The cardiac drug, carvedilol, could greatly reduce breast cancer progression, with those taking the drug at the time of diagnosis also much more likely to survive, according to a team of researchers from Monash University.
The study which investigated the effects of the beta-blocker, normally used to manage cardiovascular disorders including hypertension and chemotherapy-induced heart disease, found that women that were taking carvedilol when firstly diagnosed, they had a greater chance of survival than those not taking the drug.
Associate Professor Erica Sloan, who has been exploring the use of beta-blockers as a novel strategy to slow cancer progression for a number of years, says “in earlier research, published in 2020, we demonstrated that the beta-blocker propranolol independently reduces biomarkers of metastasis in breast cancer, which is what led us to explore how carvedilol might also affect cancer-related outcomes.”
“Our research into propranolol discovered that beta-blockers can halt the stress response experienced by cancer patients at the time of diagnosis and essentially stop the cancer from evading – in this new study, we’ve harnessed this knowledge to explore how carvedilol, which is already being used in cancer patients, might be repurposed to significantly improve patient outcomes.”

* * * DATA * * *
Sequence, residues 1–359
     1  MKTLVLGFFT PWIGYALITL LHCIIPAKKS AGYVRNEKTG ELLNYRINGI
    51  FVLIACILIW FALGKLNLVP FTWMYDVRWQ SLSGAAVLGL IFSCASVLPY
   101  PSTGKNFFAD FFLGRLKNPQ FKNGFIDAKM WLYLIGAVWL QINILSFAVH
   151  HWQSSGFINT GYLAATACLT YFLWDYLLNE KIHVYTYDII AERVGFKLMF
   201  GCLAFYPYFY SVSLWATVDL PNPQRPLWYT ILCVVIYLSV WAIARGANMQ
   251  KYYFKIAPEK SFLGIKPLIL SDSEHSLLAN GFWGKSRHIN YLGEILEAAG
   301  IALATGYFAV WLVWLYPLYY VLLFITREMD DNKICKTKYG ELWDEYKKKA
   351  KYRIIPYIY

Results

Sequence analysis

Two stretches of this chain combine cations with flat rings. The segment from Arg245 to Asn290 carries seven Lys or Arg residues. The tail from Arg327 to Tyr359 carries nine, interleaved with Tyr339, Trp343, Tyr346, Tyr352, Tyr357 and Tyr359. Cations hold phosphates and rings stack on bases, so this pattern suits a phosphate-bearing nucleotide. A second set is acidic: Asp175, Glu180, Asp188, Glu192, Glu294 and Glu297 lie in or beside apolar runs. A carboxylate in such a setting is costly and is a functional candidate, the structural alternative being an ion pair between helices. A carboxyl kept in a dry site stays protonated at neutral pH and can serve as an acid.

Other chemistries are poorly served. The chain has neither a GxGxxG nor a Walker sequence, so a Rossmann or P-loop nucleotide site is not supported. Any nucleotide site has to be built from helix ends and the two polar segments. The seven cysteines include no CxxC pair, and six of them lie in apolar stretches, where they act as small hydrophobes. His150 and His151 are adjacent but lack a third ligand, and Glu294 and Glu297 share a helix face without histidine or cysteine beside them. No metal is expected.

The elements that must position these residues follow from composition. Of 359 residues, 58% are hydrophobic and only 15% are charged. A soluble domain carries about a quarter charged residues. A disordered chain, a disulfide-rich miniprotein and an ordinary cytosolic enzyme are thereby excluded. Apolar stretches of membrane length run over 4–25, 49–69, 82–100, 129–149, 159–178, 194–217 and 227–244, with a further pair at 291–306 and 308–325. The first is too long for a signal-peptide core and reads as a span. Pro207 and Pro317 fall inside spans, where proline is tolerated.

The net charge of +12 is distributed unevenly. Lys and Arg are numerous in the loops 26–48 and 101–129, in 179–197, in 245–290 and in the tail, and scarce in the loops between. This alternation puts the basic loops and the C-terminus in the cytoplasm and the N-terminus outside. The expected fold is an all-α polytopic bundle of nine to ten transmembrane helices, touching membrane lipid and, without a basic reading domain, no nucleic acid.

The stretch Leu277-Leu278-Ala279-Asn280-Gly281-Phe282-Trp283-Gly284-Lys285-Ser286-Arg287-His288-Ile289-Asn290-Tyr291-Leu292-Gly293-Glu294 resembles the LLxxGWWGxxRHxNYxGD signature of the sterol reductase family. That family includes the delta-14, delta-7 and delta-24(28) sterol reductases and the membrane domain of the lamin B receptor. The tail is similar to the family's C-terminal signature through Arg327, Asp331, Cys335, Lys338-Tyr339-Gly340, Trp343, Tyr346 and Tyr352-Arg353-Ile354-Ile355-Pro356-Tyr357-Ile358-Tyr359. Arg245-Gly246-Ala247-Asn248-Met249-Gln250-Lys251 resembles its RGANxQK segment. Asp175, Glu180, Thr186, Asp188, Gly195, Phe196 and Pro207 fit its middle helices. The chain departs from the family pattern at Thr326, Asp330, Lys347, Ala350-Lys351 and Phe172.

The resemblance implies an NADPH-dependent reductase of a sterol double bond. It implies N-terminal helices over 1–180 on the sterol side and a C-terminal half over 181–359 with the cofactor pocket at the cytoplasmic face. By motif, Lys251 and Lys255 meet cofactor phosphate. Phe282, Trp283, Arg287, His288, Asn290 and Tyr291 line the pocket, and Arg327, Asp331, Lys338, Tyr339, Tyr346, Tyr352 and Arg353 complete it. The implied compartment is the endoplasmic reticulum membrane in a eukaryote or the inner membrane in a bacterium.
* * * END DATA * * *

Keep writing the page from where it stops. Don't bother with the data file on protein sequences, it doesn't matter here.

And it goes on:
“It’s an exciting finding that shows that a cardiac drug that’s currently being used in cancer patients to treat chemotherapy-induced heart disease, actually could also help slow or stop their cancer,” says Associate Professor Sloan.
The sympathetic nervous system drives breast cancer progression through β-adrenergic receptor signalling.
MIPS researcher and lead author on the study, Ryan Gillis says “in this study, we discovered that treatment with carvedilol blocked the effects of sympathetic nervous system activation, reducing primary tumour growth and metastasis in a mouse model of breast cancer and prevented invasion by breast cancer cell lines.”
“In a large cohort of breast cancer patients, a retrospective analysis found that women using carvedilol at breast cancer diagnosis had reduced breast cancer-specific mortality compared to women who did not (after a median follow-up of 5.5 years).”
“In terms of next steps, we believe these findings provide a rationale to further explore the use of carvedilol as a novel strategy to slow cancer progression,” says Mr Gillis.
The team is now working on the next steps in their research, including the potential for a clinical trial.
This work was supported by the National Breast Cancer Foundation Australia and the National Health Medical Research Council. The clinical work was made possible through a collaboration with epidemiologists located in Norway.